Turkish economy returns to growth in the third quarter

Turkey’s economy broke three consecutive quarters of contraction as it shook off the effects of recession following last year’s currency crisis. (AFP)
Updated 02 December 2019

Turkish economy returns to growth in the third quarter

  • Turkey’s economy grew 0.9 percent year-on-year in the third quarter
  • As the economy has recovered, inflation tumbled to single digits in October due to base effects

ISTANBUL: Turkey’s economy grew 0.9 percent year-on-year in the third quarter, in line with expectations, breaking three consecutive quarters of contraction as it shook off the effects of recession following last year’s currency crisis.
Compared to the second quarter, gross domestic product (GDP) expanded by a seasonally and calendar-adjusted 0.4 percent, its third positive quarter-on-quarter reading in a row, the Turkish Statistical Institute data showed.
A Reuters poll forecast the economy would expand 1 percent year-on-year in the third quarter. It also predicted that the economy will grow 0.5 percent in 2019 as a whole.
The major emerging market economy has a track record of 5 percent growth, but a near 30 percent slide in the lira’s value last year pushed up inflation and interest rates, while domestic demand tumbled.
The third quarter growth was driven by the agricultural sector which expanded 3.8 percent, while industry grew 1.6 percent and services grew 0.6 percent. The construction sector shrank 7.8 percent.
The lira was at 5.7435 against the dollar, weakening slightly from 5.74 beforehand.
As the economy has recovered, inflation tumbled to single digits in October due to base effects, and loan growth picked up thanks to central bank rate cuts. In the second quarter, the economy shrank a revised 1.6 percent year-on-year.
In late October, the central bank slashed its policy rate more than expected to 14 percent, continuing an aggressive bout of cuts from 24 percent since July to help revive the recession-hit economy.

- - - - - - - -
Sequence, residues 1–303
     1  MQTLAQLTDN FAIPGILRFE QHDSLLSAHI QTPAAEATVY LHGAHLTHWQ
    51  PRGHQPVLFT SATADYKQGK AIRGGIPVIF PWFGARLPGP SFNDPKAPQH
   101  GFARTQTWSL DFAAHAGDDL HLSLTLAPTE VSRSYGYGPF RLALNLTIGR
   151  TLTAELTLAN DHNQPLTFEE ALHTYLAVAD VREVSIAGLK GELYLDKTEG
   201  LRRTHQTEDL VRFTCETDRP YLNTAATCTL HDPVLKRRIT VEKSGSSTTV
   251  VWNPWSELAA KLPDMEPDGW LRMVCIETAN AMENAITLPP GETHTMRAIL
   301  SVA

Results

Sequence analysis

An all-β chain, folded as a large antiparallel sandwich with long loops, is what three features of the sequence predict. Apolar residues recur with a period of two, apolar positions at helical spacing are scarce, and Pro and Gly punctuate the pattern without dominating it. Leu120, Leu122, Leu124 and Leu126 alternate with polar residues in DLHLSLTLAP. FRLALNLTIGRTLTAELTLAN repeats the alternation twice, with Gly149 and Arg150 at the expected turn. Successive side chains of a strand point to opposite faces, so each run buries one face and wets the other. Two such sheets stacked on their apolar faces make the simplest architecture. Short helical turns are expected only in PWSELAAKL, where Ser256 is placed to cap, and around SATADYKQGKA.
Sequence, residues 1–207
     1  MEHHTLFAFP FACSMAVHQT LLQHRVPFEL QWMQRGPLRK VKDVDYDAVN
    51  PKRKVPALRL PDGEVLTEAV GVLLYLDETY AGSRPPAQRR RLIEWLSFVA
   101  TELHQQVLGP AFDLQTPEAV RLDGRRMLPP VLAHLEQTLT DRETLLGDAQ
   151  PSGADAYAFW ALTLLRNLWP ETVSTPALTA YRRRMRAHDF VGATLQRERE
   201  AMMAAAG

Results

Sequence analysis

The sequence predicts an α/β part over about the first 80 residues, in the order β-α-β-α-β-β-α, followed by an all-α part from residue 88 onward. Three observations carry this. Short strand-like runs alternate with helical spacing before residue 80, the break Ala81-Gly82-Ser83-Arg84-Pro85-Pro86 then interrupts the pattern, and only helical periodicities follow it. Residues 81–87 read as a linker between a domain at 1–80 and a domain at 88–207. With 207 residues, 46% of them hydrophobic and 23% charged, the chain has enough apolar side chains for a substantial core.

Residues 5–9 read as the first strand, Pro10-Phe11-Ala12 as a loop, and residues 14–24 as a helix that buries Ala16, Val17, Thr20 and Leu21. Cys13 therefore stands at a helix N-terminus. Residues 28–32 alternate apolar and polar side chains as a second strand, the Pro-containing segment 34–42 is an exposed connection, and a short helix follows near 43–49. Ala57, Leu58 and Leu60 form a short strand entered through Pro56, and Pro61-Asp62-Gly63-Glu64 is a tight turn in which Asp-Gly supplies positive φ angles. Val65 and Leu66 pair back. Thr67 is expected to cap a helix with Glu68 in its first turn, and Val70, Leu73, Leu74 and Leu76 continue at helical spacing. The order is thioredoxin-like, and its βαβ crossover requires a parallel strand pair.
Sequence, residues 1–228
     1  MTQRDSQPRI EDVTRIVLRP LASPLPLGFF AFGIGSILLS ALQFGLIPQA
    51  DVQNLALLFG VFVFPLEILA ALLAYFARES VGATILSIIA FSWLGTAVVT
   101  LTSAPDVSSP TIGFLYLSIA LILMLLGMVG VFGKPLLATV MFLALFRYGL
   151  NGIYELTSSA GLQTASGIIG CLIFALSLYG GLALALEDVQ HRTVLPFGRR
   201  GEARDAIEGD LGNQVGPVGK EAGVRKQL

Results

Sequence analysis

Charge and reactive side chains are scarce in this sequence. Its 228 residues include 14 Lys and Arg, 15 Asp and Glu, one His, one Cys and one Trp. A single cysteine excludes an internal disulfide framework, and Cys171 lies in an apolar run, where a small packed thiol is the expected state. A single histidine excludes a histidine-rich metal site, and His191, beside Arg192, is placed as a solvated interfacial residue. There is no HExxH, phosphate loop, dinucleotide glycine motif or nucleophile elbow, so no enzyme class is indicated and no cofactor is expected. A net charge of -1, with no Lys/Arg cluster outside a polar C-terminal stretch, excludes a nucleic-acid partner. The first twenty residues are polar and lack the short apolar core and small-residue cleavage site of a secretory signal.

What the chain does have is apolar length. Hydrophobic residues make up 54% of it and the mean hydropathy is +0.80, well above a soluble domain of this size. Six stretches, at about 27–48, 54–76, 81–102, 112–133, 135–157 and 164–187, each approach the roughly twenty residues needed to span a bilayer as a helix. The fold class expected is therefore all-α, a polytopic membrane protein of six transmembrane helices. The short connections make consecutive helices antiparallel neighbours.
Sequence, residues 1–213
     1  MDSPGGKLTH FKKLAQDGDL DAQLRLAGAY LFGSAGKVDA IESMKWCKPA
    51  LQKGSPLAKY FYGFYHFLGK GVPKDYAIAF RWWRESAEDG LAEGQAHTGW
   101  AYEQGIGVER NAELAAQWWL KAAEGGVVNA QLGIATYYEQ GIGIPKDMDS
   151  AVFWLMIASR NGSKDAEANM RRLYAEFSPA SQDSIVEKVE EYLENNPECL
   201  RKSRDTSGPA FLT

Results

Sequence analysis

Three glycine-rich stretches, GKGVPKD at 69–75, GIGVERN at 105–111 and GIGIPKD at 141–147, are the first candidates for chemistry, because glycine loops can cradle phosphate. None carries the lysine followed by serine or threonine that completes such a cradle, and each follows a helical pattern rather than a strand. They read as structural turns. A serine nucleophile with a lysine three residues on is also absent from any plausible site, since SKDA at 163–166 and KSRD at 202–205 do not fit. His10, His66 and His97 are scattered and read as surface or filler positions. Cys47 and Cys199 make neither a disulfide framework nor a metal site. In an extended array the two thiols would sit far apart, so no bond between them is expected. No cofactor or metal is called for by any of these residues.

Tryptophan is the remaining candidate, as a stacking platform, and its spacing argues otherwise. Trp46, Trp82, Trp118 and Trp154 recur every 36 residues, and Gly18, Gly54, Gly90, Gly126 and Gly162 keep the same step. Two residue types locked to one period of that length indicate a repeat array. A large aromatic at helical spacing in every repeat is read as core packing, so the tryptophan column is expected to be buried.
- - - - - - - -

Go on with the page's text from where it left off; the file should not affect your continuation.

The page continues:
The central bank governor subsequently said the bank had used a significant part of its leeway for loosening monetary policy. Last week, he said the bank will use required reserves to support real sector access to loans and loan growth.
Industrial production, a key signal of economic activity and widely regarded as an indication of growth, expanded 3.4 percent year-on-year in September.
The government’s own sharply lowered forecast for the year envisages growth at 0.5 percent in 2019, and 5 percent in 2020.


S&P downgrades trio of Dubai developers as pandemic hits property and retail

Updated 50 min 5 sec ago

S&P downgrades trio of Dubai developers as pandemic hits property and retail

  • Gulf states are being hit hard by the coronavirus pandemic that has come at a time of weak oil prices

RIYADH: The credit ratings of three Dubai property companies were downgraded by S&P as the coronavirus pandemic hits confidence in the retail and real estate sectors.
S&P Global Ratings reduced the credit ratings for the real estate developer Emaar Properties as well as Emaar Malls to +BB from -BBB with a negative forward outlook, adding that it sees a “weakening across all its business segments” in 2020. S&P also cut its rating for DIFC Investments to +BB from -BBB, while keeping a stable outlook.
Gulf states are being hit hard by the coronavirus pandemic that has come at a time of weak oil prices, heaping pressure on governments, companies and employees.
The ratings agency expects the emirate’s economy to shrink by 11 percent this year
“The supply-demand imbalance in the realty sector appears to have been exacerbated by the pandemic. We now expect to see international demand for Dubai’s property to be subdued, and the fall in residential prices to be steeper than we had expected, lingering well into 2021” S&P reported.
Despite easing restrictions and the opening of the economy, S&P said that overall macroeconomic conditions remained challenging.
Global travel restrictions and social distancing constraints “significantly weigh on Dubai’s tourism and hospitality sectors” the rating agency reported.
Still, Dubai’s tourism chief was upbeat on the emirate’s prospects when international tourism resumes.
“Once we do get to the other side, as we start to talk about next year and later on, we see very much a quick uptick. Because once things normalize, people will go back to travel again,” Helal Al-Marri, director general of Dubai’s Department of Tourism and Commerce Marketing told AFP in an interview.